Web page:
People buy metal detectors in hopes of trying to find precious, rare objects that get lost, discarded or carelessly tossed aside by others. Emma was hoping to take advantage of other people's carelessness. Maybe Emma is right. Maybe there is treasure that lies just underneath her feet, undiscovered by so many who continually walk over top of it, never taking the time to dig deeper and discover the rare find that lies just below the surface, only concerning themselves with what they can "see". Emma's optimism, her determination and her childhood innocence makes me believe we need a stronger metal detector.
There was a boy in my high school that dressed in black from head to toe, every single day. Needless, to say, he was cruelly referred to as Johnny Cash (sans a country recording contract and pretty June Carter Cash by his side). Maybe the routine of black made this boy feel safe in a school full of kids who didn't understand him and who didn't bother to try. Had this dressed in black student been in high school today, he would have been considered "goth", but sadly, still "weird". Although Ryan wears an assortment of colors, I have no doubt that his standard 6 outfits that he rotates day in and day out gets noticed by other students and that this routine also makes him "weird" or "dorky". Ryan likes the comfort of the clothes he wears and knowing which shirt goes with which pair of shorts is just one less decision he has to make in a long day filled with varying choices and decisions. Ryan is doing 7th grade math in 6th grade. Clearly, not worrying or wasting brain power on what to wear is working for him.
Another boy in my high school English class was often found reading his Greek Mythology book lying on his back on the floor which apparently he found much more appealing than sitting at his desk like the "normal" kids. After 52 minutes of learning about Zeus and his BFF's on Mount Olympus, the "normal" kids would exit class with comments such as, "Did you see that weirdo?", "He just does that for attention." or "What the he** is wrong with that freak?" echoing off the school hallway walls loud enough for the boy who loved the floor, to hear. In the meantime, the boy gathered up his books, seemingly unconcerned by the meanies' comments, and quickly dashed down the hallway....alone. As far as I know, Ryan sits in his desk at school, however, he often studies his flashcards upside down on the couch and although I worry about him breaking his neck, Ryan assures me that "being upside down helps me concentrate". Maybe, the boy from my high school English class and Ryan have it right. Maybe SAT scores would skyrocket if kids laid on their backs on the floor of the testing room or better yet, took the tests hanging upside down. Maybe "our" way has been wrong all along.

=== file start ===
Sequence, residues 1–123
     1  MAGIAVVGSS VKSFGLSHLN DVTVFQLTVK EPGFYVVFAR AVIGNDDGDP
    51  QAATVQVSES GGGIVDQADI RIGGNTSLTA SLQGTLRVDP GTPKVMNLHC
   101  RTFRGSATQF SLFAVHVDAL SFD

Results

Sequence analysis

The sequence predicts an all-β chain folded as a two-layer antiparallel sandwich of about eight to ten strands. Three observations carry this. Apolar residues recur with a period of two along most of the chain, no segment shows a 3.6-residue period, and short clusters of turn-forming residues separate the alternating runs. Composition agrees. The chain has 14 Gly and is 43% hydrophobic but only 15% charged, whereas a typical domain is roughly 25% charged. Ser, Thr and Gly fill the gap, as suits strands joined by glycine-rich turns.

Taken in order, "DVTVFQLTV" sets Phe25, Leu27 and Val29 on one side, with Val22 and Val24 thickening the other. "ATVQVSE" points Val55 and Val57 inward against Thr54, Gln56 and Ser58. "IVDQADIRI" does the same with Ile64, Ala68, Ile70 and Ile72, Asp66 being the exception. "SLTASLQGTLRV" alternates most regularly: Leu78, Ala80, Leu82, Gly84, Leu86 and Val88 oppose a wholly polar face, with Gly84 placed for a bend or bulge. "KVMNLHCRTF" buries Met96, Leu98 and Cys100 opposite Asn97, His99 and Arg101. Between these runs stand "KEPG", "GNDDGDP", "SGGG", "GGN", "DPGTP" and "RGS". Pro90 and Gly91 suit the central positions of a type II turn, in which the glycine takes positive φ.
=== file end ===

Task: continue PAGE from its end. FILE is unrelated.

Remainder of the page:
A girl who sat in my high school Algebra class would rock in her desk from the instant the bell rang to signal the beginning of class to when the bell rang signaling class had come to an end. The rumor was this girl was rocked so much as a baby, that she still enjoyed the soothing rocking motion as a teenager. It didn't matter that there was a "legit" reason this girl rocked back and forth and back and forth, her rocking behavior still made her "weird". Ryan has never been a rocker, but, when I brush Ryan's hair his hand flicks back and forth, back and forth because this flicking distracts him from the "terrible pain" the hair brush causes to his head. Algebra caused me and my head terrible pain. Maybe I should have rocked right along side that girl. Chances are highly probable, her grade in Algebra was much higher than mine and that the rocking helped her achieve that grade. Maybe every single one of these "weirdos" had it right, and maybe we neurotypical folks are the ones that are weird. If you ask someone with an ASD, I promise you that is precisely what you will be told.
The thing is, just like Emma had to adjust her thinking about using a METAL detector to discover things made out of METAL rather than fossilized dinosaur bones, people have to adjust their thinking about autism. They have to stop looking for the differences in children with autism and find the similarities. Stop glancing at what's wrong with a child with autism and look deeper to find what is right. Take the time to dig for the strengths and bury the notion that differences are a sign of weakness. Look past the "weird" and find the "unique". Search below the surface and see the rare, precious treasure that lies hidden within. Just like treasure hunters, who take the time to find what others are quick to discard and carelessly toss aside, someone else's loss is your gain. I promise if you take the time to dig deeper, change your "settings", and sift through what only you can "see", you will make an AWEsome discovery, and even though this discovery will not make you rich or famous, it will certainly leave you wanting to unearth more.